Volume 2, Issue 2 (July - December 2019)                   JDER 2019, 2(2): 58-60 | Back to browse issues page


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Nadjarzadeh A, Sadeghi Ghotbabadi F, Moghtaderi F. Nutritional Needs during Disaster. JDER. 2019; 2 (2) :58-60
URL: http://jder.ssu.ac.ir/article-1-61-en.html
3 Department of Nutrition, Ministry of Health and Medical Education, Tehran, Iran
Keywords: Nutrition, Disasters
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T
he number and scale of natural and human- made disasters has increased in recent years (1). Major disasters often result in food shortage, nutritional inadequacies, and increased malnutrition especially among vulnerable groups of people. In the initial stages of disasters, acute food shortage and instability are common and the victims are totally dependent on food aid. Therefore, efforts to protect the nutritional status of victims are critical to ensure better resilience (2). The following three key points should be considered to maintain people health: 1) sufficient intake of water, 2) adequate intake of food, and 3) water and food safety.
In the initial stage of a disaster, the first concern is to ensure that energy and protein requirement is met. In this phase, based on
the latest world food program (WFP) instructions, the estimated average daily energy and protein requirement per person per day are 2100 Kcal and 50 g, respectively
(3). Some factors such as sex and age distribution of population, activity level, environmental temperatures, and pre- exiting malnutrition should be taken into account as soon as possible, to ensure adequate intake of energy/protein. For initial days after the disaster, due to problems in preparing and cooking meals, precooked foods are the most ideal options. The distribution of hot meals may be provided after one week if substructures are not damaged. However, it may take a long time for the disaster managers to be able to provide warm meals to the disaster’s survivors. So, ready-to-eat foods especially canned legumes (lentil, beans and peas) with bread, biscuits, and dates can be used in this situation.
After 2-3 weeks, it is essential to ensure
that the rationed food provide safe levels of micronutrients intake to prevent deficiency diseases. The main specialized functions of nutrition response in disaster are: 1) Rapid
Nutrition Assessment (RNA), 2) quantitative
and qualitative monitoring of food basket, and 3) implementation of nutrition-specific interventions.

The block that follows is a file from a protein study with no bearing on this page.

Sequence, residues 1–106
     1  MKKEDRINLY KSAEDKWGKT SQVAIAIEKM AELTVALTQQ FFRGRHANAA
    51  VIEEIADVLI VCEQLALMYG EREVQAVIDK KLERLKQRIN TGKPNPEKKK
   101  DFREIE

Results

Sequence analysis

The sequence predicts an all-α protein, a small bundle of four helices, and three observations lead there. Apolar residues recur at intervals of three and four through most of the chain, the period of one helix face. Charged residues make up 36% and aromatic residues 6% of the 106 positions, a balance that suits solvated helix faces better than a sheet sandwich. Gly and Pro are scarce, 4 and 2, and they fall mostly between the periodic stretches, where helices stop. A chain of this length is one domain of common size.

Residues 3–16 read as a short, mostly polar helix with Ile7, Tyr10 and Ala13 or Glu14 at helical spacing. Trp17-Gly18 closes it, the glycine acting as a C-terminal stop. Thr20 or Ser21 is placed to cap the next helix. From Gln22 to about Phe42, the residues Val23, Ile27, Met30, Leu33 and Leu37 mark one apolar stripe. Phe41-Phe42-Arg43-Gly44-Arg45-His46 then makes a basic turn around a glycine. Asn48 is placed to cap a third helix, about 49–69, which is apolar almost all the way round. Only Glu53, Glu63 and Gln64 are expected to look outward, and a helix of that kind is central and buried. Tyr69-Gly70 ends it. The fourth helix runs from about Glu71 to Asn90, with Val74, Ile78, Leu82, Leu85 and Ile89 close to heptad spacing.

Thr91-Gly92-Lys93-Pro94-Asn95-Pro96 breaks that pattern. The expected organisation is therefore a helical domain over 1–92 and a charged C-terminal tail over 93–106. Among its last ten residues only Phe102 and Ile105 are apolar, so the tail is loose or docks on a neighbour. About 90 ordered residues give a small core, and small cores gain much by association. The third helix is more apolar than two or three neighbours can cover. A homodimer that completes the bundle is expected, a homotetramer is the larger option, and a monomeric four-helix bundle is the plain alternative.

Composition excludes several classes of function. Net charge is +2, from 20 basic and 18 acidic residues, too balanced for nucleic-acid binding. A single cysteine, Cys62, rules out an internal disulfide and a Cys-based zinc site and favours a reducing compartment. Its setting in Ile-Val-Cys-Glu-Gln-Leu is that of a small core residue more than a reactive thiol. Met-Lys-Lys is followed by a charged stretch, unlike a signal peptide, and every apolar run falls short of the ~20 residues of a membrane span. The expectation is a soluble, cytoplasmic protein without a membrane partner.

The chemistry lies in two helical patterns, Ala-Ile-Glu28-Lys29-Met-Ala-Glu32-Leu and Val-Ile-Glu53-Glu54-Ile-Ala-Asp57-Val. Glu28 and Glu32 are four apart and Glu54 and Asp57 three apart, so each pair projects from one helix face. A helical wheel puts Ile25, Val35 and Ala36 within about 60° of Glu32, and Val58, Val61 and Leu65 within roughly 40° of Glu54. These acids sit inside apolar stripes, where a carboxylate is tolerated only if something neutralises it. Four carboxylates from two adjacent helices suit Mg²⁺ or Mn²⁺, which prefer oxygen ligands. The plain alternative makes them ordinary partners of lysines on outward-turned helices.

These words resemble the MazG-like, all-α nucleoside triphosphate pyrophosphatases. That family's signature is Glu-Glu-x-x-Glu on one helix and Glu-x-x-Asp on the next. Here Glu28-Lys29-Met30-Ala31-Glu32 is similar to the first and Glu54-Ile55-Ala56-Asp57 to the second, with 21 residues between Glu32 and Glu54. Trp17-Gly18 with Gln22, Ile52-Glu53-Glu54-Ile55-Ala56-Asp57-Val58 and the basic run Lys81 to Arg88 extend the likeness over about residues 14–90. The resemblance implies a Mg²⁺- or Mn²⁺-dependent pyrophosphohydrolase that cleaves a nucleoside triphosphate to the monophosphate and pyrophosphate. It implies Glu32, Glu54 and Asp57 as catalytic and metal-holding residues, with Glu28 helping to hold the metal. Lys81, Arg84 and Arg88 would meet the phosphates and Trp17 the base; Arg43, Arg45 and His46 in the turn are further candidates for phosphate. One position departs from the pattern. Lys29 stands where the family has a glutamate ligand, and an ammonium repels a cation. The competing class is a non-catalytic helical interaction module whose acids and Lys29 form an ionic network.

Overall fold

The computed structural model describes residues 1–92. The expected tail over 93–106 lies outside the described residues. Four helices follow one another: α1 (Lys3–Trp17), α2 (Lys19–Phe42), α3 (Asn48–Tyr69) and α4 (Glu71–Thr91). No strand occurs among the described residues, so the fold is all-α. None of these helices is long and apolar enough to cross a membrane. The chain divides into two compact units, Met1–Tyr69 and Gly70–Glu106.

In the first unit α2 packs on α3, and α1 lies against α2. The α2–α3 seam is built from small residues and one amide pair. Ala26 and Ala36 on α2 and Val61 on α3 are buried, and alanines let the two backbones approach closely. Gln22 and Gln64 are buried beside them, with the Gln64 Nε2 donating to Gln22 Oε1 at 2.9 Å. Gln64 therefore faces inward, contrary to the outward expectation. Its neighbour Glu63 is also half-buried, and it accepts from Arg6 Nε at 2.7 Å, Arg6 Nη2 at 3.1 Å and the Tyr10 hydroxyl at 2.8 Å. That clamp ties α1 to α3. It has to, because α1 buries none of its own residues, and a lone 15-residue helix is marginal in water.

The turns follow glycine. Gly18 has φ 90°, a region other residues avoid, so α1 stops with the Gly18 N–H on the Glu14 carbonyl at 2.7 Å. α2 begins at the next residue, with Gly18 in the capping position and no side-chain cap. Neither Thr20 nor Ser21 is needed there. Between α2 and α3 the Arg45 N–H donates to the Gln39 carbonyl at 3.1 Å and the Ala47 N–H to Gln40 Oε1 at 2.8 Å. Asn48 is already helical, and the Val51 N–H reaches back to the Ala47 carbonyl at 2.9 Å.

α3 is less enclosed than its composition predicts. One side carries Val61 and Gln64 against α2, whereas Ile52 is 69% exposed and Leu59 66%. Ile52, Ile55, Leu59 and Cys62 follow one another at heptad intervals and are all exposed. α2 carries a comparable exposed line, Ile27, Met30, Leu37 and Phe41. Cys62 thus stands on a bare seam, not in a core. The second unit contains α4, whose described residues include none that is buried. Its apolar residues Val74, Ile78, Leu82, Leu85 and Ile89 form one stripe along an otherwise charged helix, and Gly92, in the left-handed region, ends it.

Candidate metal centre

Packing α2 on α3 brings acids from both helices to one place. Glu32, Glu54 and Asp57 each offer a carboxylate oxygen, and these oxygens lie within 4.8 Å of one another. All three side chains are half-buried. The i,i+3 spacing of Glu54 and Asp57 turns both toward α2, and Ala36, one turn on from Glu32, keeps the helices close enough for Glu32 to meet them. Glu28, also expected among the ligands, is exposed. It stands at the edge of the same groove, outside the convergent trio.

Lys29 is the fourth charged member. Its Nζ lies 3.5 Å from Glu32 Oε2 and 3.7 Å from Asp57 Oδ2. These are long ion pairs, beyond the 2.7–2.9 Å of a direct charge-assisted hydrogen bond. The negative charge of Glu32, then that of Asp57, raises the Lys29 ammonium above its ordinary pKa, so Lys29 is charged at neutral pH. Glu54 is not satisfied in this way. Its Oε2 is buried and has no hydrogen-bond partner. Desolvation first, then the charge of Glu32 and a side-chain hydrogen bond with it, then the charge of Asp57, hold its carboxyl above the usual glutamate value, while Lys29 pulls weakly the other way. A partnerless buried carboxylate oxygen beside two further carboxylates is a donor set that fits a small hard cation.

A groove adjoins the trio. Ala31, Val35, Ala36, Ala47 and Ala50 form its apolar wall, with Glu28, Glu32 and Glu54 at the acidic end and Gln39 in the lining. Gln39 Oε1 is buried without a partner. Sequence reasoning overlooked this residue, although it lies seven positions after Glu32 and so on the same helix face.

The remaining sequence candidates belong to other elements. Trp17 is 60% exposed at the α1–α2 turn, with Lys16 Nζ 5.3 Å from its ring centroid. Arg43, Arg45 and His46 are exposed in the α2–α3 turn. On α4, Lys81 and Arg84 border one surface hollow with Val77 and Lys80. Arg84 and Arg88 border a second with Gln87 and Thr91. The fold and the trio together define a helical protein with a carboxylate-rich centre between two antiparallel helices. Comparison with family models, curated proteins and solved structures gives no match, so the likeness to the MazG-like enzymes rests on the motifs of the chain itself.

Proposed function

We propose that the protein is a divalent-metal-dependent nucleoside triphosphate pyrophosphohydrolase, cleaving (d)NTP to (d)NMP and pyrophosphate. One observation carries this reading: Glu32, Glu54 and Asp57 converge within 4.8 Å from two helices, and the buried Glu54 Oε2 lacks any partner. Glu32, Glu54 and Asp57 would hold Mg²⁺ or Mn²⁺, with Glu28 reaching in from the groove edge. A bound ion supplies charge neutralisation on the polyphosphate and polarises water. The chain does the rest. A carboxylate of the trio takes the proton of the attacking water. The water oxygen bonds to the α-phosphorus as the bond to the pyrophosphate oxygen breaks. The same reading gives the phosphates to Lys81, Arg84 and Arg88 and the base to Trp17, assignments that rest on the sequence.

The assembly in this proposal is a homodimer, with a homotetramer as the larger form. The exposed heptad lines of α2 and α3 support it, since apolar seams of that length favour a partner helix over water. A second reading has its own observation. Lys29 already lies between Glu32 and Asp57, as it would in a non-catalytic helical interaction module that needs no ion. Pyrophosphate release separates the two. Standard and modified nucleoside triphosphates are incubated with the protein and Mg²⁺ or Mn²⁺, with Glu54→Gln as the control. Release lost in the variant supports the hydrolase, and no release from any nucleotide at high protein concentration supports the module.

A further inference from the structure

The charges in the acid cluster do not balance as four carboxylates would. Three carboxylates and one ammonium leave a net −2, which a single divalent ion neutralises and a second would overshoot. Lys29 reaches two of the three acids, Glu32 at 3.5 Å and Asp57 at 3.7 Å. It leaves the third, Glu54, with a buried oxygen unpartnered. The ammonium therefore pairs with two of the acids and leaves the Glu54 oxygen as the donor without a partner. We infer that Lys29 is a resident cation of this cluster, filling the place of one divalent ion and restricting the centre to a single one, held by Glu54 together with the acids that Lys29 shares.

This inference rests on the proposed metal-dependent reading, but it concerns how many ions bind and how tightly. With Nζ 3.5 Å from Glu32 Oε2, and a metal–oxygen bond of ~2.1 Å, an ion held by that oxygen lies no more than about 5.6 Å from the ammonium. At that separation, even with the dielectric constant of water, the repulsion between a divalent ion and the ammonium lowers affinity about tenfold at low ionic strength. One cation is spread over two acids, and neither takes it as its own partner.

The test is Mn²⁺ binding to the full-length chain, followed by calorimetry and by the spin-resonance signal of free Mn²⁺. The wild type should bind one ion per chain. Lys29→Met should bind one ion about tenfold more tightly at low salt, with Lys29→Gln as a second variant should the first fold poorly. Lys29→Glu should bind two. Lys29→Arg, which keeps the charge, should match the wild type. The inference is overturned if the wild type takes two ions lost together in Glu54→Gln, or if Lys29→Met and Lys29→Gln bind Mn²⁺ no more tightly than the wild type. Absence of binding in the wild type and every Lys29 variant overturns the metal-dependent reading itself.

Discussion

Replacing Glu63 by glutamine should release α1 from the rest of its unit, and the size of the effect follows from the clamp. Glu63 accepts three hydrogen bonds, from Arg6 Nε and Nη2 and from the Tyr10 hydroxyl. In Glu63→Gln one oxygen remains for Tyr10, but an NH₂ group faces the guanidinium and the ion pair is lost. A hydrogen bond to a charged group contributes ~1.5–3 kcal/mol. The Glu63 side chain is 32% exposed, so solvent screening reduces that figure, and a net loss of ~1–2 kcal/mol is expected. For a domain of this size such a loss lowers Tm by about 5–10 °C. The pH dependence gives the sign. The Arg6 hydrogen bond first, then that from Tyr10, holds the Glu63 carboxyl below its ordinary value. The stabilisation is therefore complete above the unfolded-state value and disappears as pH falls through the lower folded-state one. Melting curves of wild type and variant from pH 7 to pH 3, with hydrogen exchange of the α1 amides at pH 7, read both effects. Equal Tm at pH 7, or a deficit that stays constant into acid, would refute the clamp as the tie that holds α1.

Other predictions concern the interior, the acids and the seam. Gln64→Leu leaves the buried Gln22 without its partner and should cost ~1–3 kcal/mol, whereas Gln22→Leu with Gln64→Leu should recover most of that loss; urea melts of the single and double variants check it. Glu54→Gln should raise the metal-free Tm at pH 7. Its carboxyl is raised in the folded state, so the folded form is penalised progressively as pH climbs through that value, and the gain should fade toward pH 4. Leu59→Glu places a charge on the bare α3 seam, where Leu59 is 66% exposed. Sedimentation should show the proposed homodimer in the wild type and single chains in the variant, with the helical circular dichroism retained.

Rapid Nutrition Assessment (RNA)
The objectives of an initial RNA are providing information on the nutritional situation, measuring the prevalence of acute malnutrition in children aged 6 to 59 months based on mid-upper arm circumference (MUAC), assessing common infant feeding practice, and identifying cultural habits of food intake, recognizing specific vulnerabilities, and assessing local and national capacity to cope with the situation. RNA can reveal where immediate interventions are needed. It should be continual and also should be followed by a more comprehensive nutrition survey as soon as possible, no later than 3-6 months after occurring a disaster. Based on the finding of RNA, decision is made on an appropriate response.
It includes mix of short and long term interventions (4).
Monitoring of food basket
Food baskets distributed by agencies
and organizations should be monitored quantitatively and qualitatively. Moreover, national guidelines should be taken in to account to ensure sufficient food intake among vulnerable people group such as pregnant/ lactating women, children aged 5 to 59 months, and old people.
Necessary food items for providing nutritional needs of victims are as follow: ready-to-eat supplement food for children under 5 years old, bread especially dried ones, canned legumes/fish/other foods, high energy snacks including halva (sesame butter), peanut butter, nuts, dry fruits, biscuits, and cookies, some fruits such as banana and orange, sterilized long-life milk, and sanitary packaged water.
Implementation of nutrition's specific interventions
Following data gathering, proper interventions should be designed and implemented based on a demonstrated understanding of the situation. The main considerations for the intervention programs being designed in disasters are as follows (5):
  1. Management of both severe and moderate acute malnutrition
  2. Micronutrient provision to prevent potential deficiencies
  3. Special nutritional requirements of vulnerable groups: infants and young children, pregnant and lactating women, and older persons
  4. Safe and appropriate food preparation and caring activities
  5. Access to adequate amount clean water and providing of sanitation facilities
  6. Community-based surveillance to identify nutritional problems related to intra-household distribution
  7. Nutrition education and counseling for victims
  8. Nutritional care for groups need special assistance
  9. Quality control to ensure that food distributed to victims is safe and  has appropriate quality
  10. Logistics and food management
Type of Study: Editorial | Subject: Special
Received: 2019/09/23 | Accepted: 2019/09/23 | Published: 2019/09/23

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